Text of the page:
Travel Agent spoke to some of our closest Caribbean specialists to find the answer to this question and to see whether there was still any optimism surrounding the $3.5 billion resort development in Nassau after news that Rosewood Baha Mar’s opening date was pushed back to spring of 2018.
“At this point, most of the general public has forgotten this project is even underway,” says Mitch Toren, manager of TripGuy.com. “There are too many other, more recent developments and openings to get excited by. As it relates to travel agents, I can't imagine any agent would make any advance reservations even once things got closer to creation."
Although Travel Agent and other media were recently told it would open by October or November of this year, it now looks like the Rosewood Baha Mar will instead officially open in 2018, according to an announcement made Wednesday by Rosewood Hotels & Resorts. During our coverage of the the Caribbean Hotel and Tourism Association’s (CHTA) recent Caribbean Travel Marketplace at Atlantis Paradise Island Resort, it was announced that the shuttered Baha Mar resort development on The Bahamas will officially open its first tower, representing 801 rooms, on April 21.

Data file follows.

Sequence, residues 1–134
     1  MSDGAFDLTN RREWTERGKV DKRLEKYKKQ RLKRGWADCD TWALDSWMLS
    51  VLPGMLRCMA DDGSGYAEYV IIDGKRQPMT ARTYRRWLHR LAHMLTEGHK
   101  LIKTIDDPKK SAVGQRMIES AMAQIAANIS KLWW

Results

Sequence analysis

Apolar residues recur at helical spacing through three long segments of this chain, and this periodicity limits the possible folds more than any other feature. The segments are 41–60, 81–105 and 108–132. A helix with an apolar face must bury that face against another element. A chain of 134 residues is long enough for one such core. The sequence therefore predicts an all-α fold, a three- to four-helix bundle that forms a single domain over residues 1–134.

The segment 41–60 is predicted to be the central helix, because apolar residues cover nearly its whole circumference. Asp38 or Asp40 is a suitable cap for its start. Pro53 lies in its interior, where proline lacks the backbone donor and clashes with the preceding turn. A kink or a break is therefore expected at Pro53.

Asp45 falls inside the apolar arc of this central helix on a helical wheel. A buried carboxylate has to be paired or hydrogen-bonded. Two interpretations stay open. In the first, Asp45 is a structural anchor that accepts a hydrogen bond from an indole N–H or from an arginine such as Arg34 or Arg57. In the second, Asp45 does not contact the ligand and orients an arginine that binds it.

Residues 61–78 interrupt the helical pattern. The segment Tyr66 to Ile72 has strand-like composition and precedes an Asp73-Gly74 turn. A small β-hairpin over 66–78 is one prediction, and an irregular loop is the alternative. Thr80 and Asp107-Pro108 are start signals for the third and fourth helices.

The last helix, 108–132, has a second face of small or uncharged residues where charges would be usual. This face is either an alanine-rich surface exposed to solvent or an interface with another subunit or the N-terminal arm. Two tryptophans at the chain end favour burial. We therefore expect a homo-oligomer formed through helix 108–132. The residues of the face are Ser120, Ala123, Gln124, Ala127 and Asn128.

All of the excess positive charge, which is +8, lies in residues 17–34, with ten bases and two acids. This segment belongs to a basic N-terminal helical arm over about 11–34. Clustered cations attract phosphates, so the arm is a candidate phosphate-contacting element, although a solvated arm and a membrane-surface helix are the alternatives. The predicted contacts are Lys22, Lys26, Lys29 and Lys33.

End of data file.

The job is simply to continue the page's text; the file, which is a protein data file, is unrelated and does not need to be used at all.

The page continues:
“The project has been full of empty promises that have yet to be delivered. After all of the events that have unfolded, I would be surprised if it does open next year,” says Alex Scipione of Alex's Adventures. “I think at this point it would take a lot more than they realize to rebrand and re-interest both agents and travelers in its potential.”
The originally planned flagship hotel of Baha Mar Casino & Hotel is now replaced with a second Grand Hyatt hotel. SLS LUX at Baha Mar and Melia Nassau Beach Resort (soon-to-be Melia at Baha Mar) are all still included in the project.
“My original thoughts on the Baha Mar opening were promising, but with yet another delay I’m not sure what to believe,” Kristen DeAngelo of Dream Excapes tells Travel Agent. “At this point, I will believe it when I see the resort open and logistics running in order. The project has lost my interest as well as clients who have been interested. It is ruining future guests' trust in the company, as well as the hope for the Bahamians and their economy with the opening date being pushed out further and further.”
But Tom Varghese of Travel Tom hasn’t entirely given up hope on the project and its potential with Caribbean clients.
“When the deal first fell apart, I think it negatively impacted the locals fairly heavily who were looking forward to the increase in jobs, infrastructure, etc.,” he says. “From a consumer perspective, it added a new luxury option to the destination. With the resurrection of the project, hopefully this will bring a renewed interest to the destination and will bring renewed hope to the locals.”